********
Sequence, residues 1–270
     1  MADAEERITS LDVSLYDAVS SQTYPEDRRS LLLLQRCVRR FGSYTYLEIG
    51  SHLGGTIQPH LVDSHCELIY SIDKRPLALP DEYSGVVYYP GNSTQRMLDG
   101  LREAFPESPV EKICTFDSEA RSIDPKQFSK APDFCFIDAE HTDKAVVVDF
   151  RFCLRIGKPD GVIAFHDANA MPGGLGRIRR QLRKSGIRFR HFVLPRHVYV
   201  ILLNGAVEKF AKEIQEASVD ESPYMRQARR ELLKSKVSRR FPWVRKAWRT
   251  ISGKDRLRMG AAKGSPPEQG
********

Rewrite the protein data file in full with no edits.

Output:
Sequence, residues 1–270
     1  MADAEERITS LDVSLYDAVS SQTYPEDRRS LLLLQRCVRR FGSYTYLEIG
    51  SHLGGTIQPH LVDSHCELIY SIDKRPLALP DEYSGVVYYP GNSTQRMLDG
   101  LREAFPESPV EKICTFDSEA RSIDPKQFSK APDFCFIDAE HTDKAVVVDF
   151  RFCLRIGKPD GVIAFHDANA MPGGLGRIRR QLRKSGIRFR HFVLPRHVYV
   201  ILLNGAVEKF AKEIQEASVD ESPYMRQARR ELLKSKVSRR FPWVRKAWRT
   251  ISGKDRLRMG AAKGSPPEQG